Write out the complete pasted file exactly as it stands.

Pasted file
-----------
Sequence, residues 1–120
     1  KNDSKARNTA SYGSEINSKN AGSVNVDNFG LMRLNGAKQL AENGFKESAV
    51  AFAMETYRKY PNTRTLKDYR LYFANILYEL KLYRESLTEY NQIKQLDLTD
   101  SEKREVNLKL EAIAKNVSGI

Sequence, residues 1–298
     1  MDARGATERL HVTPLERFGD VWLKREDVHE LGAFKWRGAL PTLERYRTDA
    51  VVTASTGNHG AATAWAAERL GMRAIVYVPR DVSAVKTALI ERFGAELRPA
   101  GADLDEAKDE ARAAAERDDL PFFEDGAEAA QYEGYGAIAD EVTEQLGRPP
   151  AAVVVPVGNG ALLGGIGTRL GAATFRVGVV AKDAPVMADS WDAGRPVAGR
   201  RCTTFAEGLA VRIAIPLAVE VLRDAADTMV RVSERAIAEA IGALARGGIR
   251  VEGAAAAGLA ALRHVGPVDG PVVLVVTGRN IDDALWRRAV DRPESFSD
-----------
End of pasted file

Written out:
Sequence, residues 1–120
     1  KNDSKARNTA SYGSEINSKN AGSVNVDNFG LMRLNGAKQL AENGFKESAV
    51  AFAMETYRKY PNTRTLKDYR LYFANILYEL KLYRESLTEY NQIKQLDLTD
   101  SEKREVNLKL EAIAKNVSGI

Sequence, residues 1–298
     1  MDARGATERL HVTPLERFGD VWLKREDVHE LGAFKWRGAL PTLERYRTDA
    51  VVTASTGNHG AATAWAAERL GMRAIVYVPR DVSAVKTALI ERFGAELRPA
   101  GADLDEAKDE ARAAAERDDL PFFEDGAEAA QYEGYGAIAD EVTEQLGRPP
   151  AAVVVPVGNG ALLGGIGTRL GAATFRVGVV AKDAPVMADS WDAGRPVAGR
   201  RCTTFAEGLA VRIAIPLAVE VLRDAADTMV RVSERAIAEA IGALARGGIR
   251  VEGAAAAGLA ALRHVGPVDG PVVLVVTGRN IDDALWRRAV DRPESFSD